But Ng would soon find out that when it comes to building wealth, being a whiz kid and a top-notch engineer was only a small part of the equation. He had to learn a totally different set of skills to build the company.
“Wealth is not the money itself. It is the knowledge you get. I know that sounds very general,” he pauses, trying to think of how to phrase it better.
“When I talk about knowledge, I am talking about knowing how to build a company, how to handle difficult people, how to face critical pressure and stay calm in the eye of a storm. So, it is really about the knowledge you pick up over time. And as you get better, it translates into money. This is just my way of looking at it.”
Ng realised pretty early on that he would not excel at the financial game, that is, making money from money. “When I started Aemulus, I thought of myself as being very technically competent because I was an engineer and a very good one. But that was only 20% of the game. There was still 80% I needed to learn. For instance, I did not know anything about sales and marketing or production or human resources or finance.”
So, Ng put his nose to the grindstone and started to learn about all these areas that were outside his comfort zone. “I started to learn about finance; how to actually look at cash-flow projections. Using Excel, I even created a claims submission form,” he says.
“When I set up the company, there was only one employee — me — and it was very easy. But you know what? We used the same form for almost 17 years until it was converted to a web-based system.”
Ng says the main quality one needs to build a company is resilience. “We have been through crises. We have run out of cash and needed to raise funds. There were times when we did not have enough cash to meet payroll and stuff like that.”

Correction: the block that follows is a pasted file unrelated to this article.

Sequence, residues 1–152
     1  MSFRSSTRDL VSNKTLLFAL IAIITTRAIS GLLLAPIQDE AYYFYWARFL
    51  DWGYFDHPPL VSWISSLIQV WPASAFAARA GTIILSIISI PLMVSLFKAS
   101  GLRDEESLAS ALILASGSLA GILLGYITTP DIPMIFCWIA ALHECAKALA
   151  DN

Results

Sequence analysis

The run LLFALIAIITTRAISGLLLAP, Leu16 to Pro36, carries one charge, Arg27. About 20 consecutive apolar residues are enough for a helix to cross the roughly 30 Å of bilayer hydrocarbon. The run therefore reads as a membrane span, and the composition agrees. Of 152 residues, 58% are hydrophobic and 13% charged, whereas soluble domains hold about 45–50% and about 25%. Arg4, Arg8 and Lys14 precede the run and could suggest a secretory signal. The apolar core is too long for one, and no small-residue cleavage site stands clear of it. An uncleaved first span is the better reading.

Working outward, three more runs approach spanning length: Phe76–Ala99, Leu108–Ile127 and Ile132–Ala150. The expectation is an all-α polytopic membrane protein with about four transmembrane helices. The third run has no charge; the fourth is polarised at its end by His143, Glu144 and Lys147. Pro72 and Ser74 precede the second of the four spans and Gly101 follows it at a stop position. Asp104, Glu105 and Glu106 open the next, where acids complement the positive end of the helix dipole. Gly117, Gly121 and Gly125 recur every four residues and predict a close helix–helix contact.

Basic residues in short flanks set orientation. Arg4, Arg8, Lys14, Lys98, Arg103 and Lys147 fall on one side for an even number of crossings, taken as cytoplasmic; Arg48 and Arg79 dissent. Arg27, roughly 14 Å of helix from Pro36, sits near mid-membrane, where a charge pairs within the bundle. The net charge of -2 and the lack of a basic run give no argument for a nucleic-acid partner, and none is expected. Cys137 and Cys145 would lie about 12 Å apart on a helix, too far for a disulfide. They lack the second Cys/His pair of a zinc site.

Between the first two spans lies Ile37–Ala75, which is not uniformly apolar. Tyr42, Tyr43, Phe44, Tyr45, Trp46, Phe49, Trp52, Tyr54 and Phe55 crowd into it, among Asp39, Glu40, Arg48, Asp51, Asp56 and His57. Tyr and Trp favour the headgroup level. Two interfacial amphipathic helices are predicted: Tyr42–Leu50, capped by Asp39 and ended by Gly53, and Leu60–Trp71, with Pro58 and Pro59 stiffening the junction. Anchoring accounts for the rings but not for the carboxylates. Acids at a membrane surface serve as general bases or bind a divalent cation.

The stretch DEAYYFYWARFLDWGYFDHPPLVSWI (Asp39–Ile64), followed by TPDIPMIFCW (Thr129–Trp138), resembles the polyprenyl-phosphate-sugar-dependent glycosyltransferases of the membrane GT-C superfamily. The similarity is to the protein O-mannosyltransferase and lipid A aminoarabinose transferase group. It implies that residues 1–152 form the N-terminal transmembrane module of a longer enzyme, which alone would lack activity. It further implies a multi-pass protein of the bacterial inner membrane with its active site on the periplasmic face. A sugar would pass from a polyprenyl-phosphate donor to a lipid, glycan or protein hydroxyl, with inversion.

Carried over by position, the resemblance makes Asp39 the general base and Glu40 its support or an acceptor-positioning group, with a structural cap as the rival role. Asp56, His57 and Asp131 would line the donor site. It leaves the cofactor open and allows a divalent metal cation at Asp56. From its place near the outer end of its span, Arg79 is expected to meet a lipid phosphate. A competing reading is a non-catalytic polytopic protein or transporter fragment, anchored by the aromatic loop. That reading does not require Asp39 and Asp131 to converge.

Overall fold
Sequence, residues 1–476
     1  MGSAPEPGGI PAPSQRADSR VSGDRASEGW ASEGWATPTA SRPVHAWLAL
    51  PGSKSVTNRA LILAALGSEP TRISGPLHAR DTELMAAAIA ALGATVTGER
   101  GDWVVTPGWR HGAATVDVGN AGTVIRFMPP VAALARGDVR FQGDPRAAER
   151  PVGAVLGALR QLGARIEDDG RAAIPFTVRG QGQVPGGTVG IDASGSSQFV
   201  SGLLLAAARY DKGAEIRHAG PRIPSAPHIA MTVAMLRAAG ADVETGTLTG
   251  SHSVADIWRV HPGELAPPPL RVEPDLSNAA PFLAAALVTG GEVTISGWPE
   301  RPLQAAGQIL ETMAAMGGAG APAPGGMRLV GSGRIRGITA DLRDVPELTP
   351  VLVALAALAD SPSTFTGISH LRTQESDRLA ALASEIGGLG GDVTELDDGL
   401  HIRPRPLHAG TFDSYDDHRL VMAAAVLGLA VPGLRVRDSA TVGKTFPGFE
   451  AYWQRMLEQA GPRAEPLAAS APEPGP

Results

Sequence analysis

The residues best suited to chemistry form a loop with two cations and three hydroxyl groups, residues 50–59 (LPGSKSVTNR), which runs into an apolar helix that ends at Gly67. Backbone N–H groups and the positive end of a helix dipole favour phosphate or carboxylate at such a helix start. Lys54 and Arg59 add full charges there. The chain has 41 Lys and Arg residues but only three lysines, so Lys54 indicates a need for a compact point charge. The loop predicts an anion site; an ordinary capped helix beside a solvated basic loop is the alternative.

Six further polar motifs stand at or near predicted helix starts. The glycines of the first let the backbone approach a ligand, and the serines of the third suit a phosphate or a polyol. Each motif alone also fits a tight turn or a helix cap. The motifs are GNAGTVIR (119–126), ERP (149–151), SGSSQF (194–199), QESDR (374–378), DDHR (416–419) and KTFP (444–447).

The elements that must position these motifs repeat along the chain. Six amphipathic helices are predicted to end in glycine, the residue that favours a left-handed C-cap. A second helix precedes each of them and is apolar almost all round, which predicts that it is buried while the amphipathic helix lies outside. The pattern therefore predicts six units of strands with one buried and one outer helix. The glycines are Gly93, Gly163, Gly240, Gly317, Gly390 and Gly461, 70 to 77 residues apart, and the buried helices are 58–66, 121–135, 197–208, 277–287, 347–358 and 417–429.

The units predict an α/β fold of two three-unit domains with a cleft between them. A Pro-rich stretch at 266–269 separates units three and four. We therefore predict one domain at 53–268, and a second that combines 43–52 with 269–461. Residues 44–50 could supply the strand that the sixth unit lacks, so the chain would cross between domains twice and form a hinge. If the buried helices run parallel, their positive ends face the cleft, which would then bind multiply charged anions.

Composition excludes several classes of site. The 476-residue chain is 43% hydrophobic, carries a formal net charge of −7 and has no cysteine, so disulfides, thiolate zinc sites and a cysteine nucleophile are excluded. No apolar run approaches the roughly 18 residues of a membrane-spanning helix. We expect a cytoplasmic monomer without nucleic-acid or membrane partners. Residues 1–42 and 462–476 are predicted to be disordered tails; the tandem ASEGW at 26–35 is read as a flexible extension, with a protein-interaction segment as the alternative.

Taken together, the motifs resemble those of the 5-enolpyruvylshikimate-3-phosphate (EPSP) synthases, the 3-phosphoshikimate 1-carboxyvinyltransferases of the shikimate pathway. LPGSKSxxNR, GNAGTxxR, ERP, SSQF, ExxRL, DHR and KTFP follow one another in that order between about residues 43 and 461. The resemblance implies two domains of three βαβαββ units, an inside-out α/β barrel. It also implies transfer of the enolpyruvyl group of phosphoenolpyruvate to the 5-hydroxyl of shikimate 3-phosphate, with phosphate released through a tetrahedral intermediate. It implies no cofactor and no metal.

In these moments of truth, either you get through it or you don’t. “The only way to solve these problems is to have enough knowledge and learn how to manage them. If you do, the business survives and grows. And your wealth, in terms of money, grows in tandem,” says Ng.
Challenges are the only constant in the development of any company, he adds. The trick is not to lose your head and throw the baby out with the bathwater.
“I try not to be short term. Over the past 15 years, things have gone both up and down. But if you look at it, over time, there is still an upward progression. And that is what I want everyone to understand,” says Ng.
He says most people put the cart before the horse. They focus on the money without looking at what is needed to create it. “The money is a side-effect of knowledge. I call it a sub-product of a well-managed business.
“If you look at successful companies, both overseas and in Malaysia, every one of them has faced several crises. But they got through them and continued to grow.”